The African middle class isn’t strong enough to drive the economic development required to cope with the influx of new urban dwellers
Obed Ndhlovu laughed a hearty chuckle that was tinged with bemusement. A rat had darted across his neat three by three-metre shack, startling his visitor on a Sunday morning. Nearby, some men were gathered to drink, while others contemplated church in Diepsloot, a slum of about 350,000 people at the northern edge of Johannesburg.
“Always they are promising,” Ndhlovu said, thinking about the 15 years he’s been waiting for government housing. “But they keep improving other areas when those already have power and paved roads.”
His door is marked A842 in red paint, designating his place in line for new government housing, but the number has taken on a mystical sense for a faraway process that might never happen. Ndhlovu, 40, works as a security guard on a housing estate. He remits most of his R4,900 ($411) a month salary to his wife and two children back in Limpopo, 344 km (214 miles) north-east of his shack in South Africa’s largest city.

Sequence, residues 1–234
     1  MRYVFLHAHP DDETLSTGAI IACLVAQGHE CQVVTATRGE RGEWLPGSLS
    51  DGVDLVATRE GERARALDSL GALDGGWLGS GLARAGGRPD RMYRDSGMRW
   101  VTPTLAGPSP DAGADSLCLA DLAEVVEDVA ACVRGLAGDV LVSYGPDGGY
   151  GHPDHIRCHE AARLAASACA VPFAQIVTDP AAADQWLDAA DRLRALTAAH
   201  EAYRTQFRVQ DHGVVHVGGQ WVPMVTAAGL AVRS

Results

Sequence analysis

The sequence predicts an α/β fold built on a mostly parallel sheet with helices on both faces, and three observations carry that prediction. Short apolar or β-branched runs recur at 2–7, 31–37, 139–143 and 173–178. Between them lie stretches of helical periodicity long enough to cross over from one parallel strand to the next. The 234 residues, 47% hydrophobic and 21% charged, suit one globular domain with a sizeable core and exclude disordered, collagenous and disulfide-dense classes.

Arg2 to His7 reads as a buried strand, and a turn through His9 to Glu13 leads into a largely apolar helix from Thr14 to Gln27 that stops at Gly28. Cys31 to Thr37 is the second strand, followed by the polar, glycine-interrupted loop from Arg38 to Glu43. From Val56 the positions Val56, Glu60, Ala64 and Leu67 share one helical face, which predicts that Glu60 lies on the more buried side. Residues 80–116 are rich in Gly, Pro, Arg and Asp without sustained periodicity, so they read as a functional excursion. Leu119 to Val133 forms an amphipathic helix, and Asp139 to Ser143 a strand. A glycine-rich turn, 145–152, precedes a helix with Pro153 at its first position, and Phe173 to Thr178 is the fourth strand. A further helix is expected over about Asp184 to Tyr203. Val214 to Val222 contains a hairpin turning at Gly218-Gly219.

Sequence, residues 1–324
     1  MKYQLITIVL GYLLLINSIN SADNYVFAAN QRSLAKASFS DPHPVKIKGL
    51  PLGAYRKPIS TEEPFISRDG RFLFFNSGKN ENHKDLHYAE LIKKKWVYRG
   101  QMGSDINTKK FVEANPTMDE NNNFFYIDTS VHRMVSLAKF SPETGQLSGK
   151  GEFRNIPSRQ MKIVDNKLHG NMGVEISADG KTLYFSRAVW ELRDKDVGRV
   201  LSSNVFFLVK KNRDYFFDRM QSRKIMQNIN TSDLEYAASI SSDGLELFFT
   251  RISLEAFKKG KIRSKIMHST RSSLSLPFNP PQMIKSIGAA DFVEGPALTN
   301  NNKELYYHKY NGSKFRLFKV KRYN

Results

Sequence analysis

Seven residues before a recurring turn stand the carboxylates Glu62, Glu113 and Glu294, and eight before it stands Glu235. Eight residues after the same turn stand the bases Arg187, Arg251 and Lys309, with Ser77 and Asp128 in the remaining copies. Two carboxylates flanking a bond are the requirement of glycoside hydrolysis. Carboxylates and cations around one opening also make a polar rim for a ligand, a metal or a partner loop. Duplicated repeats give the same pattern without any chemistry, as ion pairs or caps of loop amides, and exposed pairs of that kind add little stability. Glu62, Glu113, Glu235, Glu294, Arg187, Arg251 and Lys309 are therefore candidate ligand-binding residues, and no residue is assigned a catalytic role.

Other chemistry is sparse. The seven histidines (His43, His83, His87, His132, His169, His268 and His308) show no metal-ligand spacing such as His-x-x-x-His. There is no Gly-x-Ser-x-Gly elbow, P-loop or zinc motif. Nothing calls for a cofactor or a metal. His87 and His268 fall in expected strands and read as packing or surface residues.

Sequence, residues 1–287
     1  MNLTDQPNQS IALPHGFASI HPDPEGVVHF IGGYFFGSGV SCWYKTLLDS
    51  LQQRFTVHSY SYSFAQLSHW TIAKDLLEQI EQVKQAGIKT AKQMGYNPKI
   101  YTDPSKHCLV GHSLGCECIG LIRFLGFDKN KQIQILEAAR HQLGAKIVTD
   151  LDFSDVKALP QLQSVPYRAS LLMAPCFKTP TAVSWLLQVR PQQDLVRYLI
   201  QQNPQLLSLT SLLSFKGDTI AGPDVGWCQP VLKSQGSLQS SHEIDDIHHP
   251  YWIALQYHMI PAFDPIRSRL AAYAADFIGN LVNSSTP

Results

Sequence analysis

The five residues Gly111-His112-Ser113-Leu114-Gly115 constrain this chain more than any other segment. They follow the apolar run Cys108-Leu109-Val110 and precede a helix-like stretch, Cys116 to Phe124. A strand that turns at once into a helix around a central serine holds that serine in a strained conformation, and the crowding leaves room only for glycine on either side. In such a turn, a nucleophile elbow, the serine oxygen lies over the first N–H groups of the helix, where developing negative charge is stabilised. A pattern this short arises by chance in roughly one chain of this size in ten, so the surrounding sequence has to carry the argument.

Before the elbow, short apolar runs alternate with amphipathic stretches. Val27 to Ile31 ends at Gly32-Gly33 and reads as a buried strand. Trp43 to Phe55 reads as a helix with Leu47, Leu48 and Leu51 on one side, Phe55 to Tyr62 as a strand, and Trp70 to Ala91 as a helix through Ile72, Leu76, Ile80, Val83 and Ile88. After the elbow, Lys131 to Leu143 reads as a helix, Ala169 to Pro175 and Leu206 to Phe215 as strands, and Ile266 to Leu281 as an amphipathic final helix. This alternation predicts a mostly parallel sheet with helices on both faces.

Yet Ndhlovu is better off than many rural-to-urban migrants; he has a job in an economy with at least 25% unemployment – although some estimates put it as high as around 40%. He aspires to be part of an expanding African middle class that the African Development Bank defines as living on $12 to $20 a day.
Johannesburg is part of a mega-city of some 12 million people in Gauteng province in South Africa, putting it on the same level as the Democratic Republic of Congo (DRC) and Republic of Congo’s cross-border megalopolis of Kinshasa-Brazzaville, according to the UN. The city is just more than half of the size of the continent’s behemoths, Cairo and Lagos, which host about 21 million people each.
Of the world’s 100 fastest growing cities, more than a quarter of them are in Africa, according to the UN. Africa’s city residents will triple to 1.2 billion by 2050, when 58% of Africans will live in cities, the UN has reported.
“The ability of African cities to cope with these numbers is questionable, since they generally lack the institutional and infrastructural capacity to absorb the additional urban dwellers,” the UN Human Settlements Programme, known as UN Habitat, wrote in a report in 2014. “The majority of these new urban dwellers will reside in slums and/or informal settlements.’’
Also in 2014, Standard Bank, Africa’s largest lender by assets, forecast the continent’s middle class would increase from 15 million households to 40 million households by 2030, even as broader hopes of a “Rising Africa” helped exaggerate expectations. But now, almost four years later, one of Africa’s leading academics on cities says that hopes of an African economic resurgence based on middle-class consumption are overblown.